For immediate release
February 24, 2017
“This moment has been decades in the making,” said Local 33–UNITE HERE Chair Aaron Greenberg, a PhD candidate in the Political Science Department. “Tonight is a tremendous victory and an opportunity for all of us to come together and work to address the issues we face.”
Nine secret-ballot elections were administered by the National Labor Relations Board in the Departments of East Asian Languages and Literatures, English, Geology and Geophysics, History, History of Art, Math, Physics, Political Science, and Sociology.
Graduate teachers in the Departments of English, Geology and Geophysics, History, History of Art, Math, and Sociology voted in favor of forming a union, and graduate teachers in the Physics Department voted against forming a union.
Of the ballots counted Thursday evening, a majority of graduate teachers in the Departments of East Asian Languages and Literatures and Political Science also voted in favor of forming a union. Some ballots cast in these two departments have not yet been counted, as these voters’ eligibility has yet to be resolved by the NLRB.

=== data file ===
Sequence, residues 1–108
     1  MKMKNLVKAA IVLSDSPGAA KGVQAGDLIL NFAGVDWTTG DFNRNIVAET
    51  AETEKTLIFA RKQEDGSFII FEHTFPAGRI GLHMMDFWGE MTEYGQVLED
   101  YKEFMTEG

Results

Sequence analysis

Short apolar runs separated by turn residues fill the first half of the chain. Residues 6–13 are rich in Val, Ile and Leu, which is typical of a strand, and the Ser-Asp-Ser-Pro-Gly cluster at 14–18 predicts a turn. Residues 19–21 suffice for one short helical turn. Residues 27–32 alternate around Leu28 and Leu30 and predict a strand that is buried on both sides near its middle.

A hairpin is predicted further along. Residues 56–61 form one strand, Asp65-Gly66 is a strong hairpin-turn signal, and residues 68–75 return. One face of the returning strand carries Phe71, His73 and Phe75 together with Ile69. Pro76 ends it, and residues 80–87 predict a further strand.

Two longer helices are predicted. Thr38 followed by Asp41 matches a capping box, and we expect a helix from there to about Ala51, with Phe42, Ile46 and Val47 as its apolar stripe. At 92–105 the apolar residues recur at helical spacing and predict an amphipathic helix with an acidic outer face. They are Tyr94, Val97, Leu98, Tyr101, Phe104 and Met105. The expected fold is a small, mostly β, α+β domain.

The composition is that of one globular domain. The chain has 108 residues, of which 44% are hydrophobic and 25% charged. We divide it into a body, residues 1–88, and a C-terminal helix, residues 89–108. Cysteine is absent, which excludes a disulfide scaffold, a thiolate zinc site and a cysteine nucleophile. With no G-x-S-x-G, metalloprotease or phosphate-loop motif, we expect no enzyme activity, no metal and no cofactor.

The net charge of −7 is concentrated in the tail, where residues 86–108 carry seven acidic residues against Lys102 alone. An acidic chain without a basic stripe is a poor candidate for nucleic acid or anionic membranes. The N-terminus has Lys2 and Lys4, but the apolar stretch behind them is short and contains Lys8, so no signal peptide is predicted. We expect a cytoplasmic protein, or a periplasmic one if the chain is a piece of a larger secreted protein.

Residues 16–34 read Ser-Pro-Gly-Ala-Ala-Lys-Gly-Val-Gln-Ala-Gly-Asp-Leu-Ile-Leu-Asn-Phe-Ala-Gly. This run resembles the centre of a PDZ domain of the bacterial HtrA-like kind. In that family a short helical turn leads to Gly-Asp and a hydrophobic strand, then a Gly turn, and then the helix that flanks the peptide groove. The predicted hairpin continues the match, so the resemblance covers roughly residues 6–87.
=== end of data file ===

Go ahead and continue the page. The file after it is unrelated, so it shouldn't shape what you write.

“At a moment in this country when both science and women’s rights are under attack, the fact that we’re going to have a union in Geology and Geophysics gives me hope about what’s possible,” said Local 33–UNITE HERE Co-Chair Robin Canavan, a PhD candidate in the Geology and Geophysics Department.
“After months of conversation, we finally got to vote to form a union and to look out for one another. Now it’s time for us to sit down at the negotiating table and bargain a contract that addresses the issues that matter to us,” said Local 33–UNITE HERE Secretary-Treasurer Camille Cole, a graduate teacher in the History Department.
Yale graduate teachers initially filed petitions with the NLRB on August 29, 2016, less than a week after the Board’s Columbia decision restored collective bargaining rights to graduate employees at private universities.